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WS_Science By You Activity_Bear Trap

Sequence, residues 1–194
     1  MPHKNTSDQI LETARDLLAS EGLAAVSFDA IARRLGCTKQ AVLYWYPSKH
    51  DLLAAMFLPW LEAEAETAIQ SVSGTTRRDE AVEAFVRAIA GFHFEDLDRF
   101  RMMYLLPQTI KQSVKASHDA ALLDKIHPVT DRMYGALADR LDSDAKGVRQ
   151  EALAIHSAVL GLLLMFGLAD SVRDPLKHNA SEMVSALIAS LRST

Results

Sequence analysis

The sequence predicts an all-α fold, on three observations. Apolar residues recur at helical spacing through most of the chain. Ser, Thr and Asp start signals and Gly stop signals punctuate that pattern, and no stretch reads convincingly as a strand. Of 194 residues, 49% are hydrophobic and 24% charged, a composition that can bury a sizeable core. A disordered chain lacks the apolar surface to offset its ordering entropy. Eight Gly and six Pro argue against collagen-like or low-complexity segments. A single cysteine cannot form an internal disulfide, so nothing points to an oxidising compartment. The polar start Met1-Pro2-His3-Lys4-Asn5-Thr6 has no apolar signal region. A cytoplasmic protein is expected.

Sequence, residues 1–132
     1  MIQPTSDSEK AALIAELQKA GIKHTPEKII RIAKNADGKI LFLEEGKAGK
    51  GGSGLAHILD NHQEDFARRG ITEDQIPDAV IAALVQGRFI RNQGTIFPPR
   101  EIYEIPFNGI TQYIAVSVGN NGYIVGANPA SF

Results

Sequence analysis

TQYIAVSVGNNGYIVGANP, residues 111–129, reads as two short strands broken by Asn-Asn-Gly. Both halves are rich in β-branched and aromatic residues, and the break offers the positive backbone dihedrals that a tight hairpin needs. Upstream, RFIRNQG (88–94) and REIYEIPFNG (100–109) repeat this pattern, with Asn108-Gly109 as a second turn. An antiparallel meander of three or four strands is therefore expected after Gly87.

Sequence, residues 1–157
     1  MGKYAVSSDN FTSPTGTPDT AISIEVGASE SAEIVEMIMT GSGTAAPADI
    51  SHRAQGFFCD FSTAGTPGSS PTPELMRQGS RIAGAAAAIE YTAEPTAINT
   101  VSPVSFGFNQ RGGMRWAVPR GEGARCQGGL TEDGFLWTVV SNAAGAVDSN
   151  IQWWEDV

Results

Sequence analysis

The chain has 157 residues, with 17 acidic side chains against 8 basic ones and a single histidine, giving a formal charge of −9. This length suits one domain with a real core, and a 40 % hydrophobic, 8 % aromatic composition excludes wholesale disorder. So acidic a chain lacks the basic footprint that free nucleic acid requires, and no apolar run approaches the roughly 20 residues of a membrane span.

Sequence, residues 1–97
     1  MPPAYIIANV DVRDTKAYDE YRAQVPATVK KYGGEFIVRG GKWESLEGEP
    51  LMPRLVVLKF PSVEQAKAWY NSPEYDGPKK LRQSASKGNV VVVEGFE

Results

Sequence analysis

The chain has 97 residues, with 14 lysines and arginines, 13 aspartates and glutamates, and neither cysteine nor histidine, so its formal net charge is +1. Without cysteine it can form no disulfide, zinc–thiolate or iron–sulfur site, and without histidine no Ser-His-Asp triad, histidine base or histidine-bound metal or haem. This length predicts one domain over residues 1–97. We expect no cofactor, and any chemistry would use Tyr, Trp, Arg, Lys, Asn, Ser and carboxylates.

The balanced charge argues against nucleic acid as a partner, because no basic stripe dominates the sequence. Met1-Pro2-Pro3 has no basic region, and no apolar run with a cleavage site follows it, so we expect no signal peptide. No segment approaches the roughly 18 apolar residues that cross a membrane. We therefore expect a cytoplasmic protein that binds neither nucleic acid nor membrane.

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+ ward ' s science Page 2 Important Facts: Size/description .1 to 1.5 mm/4 pair of legs with 4–8 claws on each/segmented body Habitat Lichens, mosses, sand dunes, soil, sediments, and leaf litter; can survive extreme conditions but not considered extremophiles because they are not adapted to live in these conditions; require a thin layer of water around the body in order to perform all life functions. Feeding Some herbivores and some are carnivores yet both feed on body fluids of prey; mouthparts vary per species and diet; stylet mouthpart pierces cell and pharynx sucks the fluid that spills out. Reproduction and Fertilization Separate sexes most with external fertilization; some species can reproduce asexually and undergo parthenogenesis. Taxonomy Kingdom Animalia Phylum Tardigrada 900+ identified species New Research • Evolved ability to denature unnecessary proteins in extreme environmental conditions • Protective genes code for proteins called Dsup that protect delicate DNA • Enter a state of cryptobiosis (metabolic activity is in a reversible standstill) • In many conditions, they survive by going into an almost death-like state called cryptobiosis. They curl into a dehydrated ball, called a tun, by retracting their head and legs. If reintroduced to water, the tardigrade can come back to life in just a few hours. • While in cryptobiosis, tardigrades' metabolic activity gets as low as 0.01 percent of normal levels, and their organs are pro- tected by a sugary gel called trehalose. They also seem to make a large amount of antioxidants, which may be another way to protect vital organs. Water bears also produce a protein that protects their DNA from radiation damage. • In cold temperatures, they form into a special tun that prevents the growth of ice crystals. Bear Trap: Finding Tardigrades (continued) Use a microscope to view tardigrades in collected sample water. Students can use phone held up to microscope eyepiece to capture tardigrades within their sample.

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